Rather than just treating your heart disease with medication or surgery, your treatment plan would also try to treat the things that are causing your heart disease. That could be changing your diet, getting more exercise, and reducing your stress levels. While some mainstream doctors also incorporate these elements into their treatment plans, it is not as common. In functional medicine, this is central to your treatment. 

To be a functional medicine doctor (MD or DO), you have to go through traditional medical school training. You can then choose to get additional certification from an organization such as The Institute for Functional Medicine. Then you can apply functional medicine teachings to your medical field of practice.

Additional certification does not give you any further legal status, but it shows that you have trained and are committed to working within this field of medicine. 

Functional medicine doctors can treat a variety of health issues. They normally focus on chronic conditions that affect physical and mental health, such as:

  • Arthritis
  • Celiac disease 
  • Inflammatory bowel disease (IBD)
  • Diabetes
  • Alzheimer's disease
  • Asthma
  • Heart disease
  • Cancer prevention
  • Allergies
  • Chronic pain
  • Thyroid disorders

If you do not have a chronic illness, you can still visit a functional medicine doctor. Many also focus on preventative care.

Seeing a functional medicine doctor might be right for you if:

You want a more personalized type of health care. Functional medicine doctors typically spend more time with you and more time assessing all the factors that affect your health. Functional medicine addresses each person individually. Using different methods than a conventional medical doctor, a functional medicine doctor will help you figure out which specific treatments are right for you.

You're interested in how things like genetics, mental health and lifestyle habits contribute to your illness. Your treatment will address all of these things individually, which will improve your whole health.

Your chronic illness hasn't responded well to traditional treatment. You might continue to receive conventional treatment, but functional medicine can open up other options that could be better than or work well with your existing treatment plan.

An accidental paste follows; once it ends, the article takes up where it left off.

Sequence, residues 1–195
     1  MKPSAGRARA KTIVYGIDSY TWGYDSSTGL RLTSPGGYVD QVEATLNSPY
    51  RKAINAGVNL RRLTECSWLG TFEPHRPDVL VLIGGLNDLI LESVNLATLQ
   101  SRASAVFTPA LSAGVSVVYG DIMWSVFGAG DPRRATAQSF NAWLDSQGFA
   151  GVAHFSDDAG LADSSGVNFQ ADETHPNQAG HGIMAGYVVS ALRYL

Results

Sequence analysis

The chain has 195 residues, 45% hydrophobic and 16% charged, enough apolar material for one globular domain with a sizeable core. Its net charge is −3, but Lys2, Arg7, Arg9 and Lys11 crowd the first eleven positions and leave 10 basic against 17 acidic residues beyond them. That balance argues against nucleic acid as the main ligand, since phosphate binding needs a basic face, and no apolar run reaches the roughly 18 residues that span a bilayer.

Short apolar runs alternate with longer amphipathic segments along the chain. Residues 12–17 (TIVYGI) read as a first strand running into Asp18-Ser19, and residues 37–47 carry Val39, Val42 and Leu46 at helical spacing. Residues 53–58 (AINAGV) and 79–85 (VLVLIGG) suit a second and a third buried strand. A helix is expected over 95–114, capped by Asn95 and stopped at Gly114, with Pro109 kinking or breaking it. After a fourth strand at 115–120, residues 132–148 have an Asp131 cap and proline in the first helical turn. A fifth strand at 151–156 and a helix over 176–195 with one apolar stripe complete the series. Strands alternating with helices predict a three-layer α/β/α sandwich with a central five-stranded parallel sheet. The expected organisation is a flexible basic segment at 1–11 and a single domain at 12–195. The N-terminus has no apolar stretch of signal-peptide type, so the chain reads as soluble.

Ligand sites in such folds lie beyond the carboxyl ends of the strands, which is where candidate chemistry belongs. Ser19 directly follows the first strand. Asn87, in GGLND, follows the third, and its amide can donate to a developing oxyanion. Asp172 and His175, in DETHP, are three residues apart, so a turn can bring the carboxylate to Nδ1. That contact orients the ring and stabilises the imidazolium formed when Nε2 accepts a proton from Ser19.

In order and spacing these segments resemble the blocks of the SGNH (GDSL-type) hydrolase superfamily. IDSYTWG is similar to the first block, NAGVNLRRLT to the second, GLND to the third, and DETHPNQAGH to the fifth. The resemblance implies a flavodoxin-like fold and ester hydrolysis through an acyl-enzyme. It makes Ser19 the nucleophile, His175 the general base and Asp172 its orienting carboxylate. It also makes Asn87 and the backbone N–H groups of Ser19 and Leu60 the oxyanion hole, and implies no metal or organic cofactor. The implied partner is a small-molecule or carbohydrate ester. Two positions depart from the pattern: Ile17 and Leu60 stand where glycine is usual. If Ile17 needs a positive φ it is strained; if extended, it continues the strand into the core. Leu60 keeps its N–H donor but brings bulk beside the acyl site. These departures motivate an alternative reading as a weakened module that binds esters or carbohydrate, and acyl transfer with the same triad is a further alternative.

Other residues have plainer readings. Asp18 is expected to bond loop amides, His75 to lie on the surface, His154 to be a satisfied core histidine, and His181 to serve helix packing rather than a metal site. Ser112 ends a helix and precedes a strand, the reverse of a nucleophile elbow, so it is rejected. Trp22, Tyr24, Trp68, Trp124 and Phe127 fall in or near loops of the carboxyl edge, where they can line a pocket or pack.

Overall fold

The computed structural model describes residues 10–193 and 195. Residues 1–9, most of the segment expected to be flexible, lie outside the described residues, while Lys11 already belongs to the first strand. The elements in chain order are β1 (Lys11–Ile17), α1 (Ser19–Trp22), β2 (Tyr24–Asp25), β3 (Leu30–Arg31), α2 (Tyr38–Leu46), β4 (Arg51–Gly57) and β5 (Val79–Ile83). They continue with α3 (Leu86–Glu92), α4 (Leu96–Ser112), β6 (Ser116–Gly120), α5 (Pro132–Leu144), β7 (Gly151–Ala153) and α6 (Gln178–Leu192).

Functional medicine is not as widely practiced as regular medicine, and there are fewer functional medicine doctors to choose from. If you live far from a major city, it can be more difficult to find one. 

A good place to start is with the The Institute for Functional Medicine's online provider search tool. You can put in your ZIP code and see which doctors are closest to you. You can also read reviews from patients that can help you decide whether the doctor is right for you. 

Functional medicine seeks to treat patients holistically and individually. Many people find it to be a helpful approach to treating chronic conditions that conventional medicine hasn't been able to treat. But some of the foundational principles of functional medicine are not yet scientifically proven, and there is less standardization in the quality of care you might receive. For these reasons, you may wish to proceed cautiously when seeking functional medical care. 

What does a functional medicine doctor do?

Functional medicine doctors use a more holistic approach to treat chronic conditions. This includes taking your lifestyle, genetics, mental health, and environment into account when making a treatment plan. 

Are functional medicine doctors legitimate?

Functional medicine doctors need to go through conventional medical school training. They can then choose to practice functional medicine. Since the standards aren't as well established in the functional medicine field, people may pass themselves off as doctors without having the necessary credentials. It's important to do your research and check that your functional medicine doctor has legitimate education and licensure. 

Functional medicine itself is sometimes questioned for its legitimacy. There isn't as much scientific research to prove that the methods it uses are effective. That's why many people prefer to stick to conventional medicine. In the future, there may be more studies that prove the effectiveness of functional medicine. 

Of course, just because an approach hasn't been verified yet through rigorous research doesn't mean it's junk – but it does mean that you should be cautious if you decide to proceed with a functional medicine professional. Ask for their credentials and seek other treatment options if their suggestions raise any red flags.

Is a functional doctor the same as a holistic doctor?

While there is some overlap between a functional medicine doctor and a holistic doctor, there are also a couple of important differences. Both types of professionals try to treat patients by taking a multifaceted, individualized approach. However, holistic doctors typically avoid prescribing conventional medications or recommending surgery. Functional medicine doctors may be more open to these options.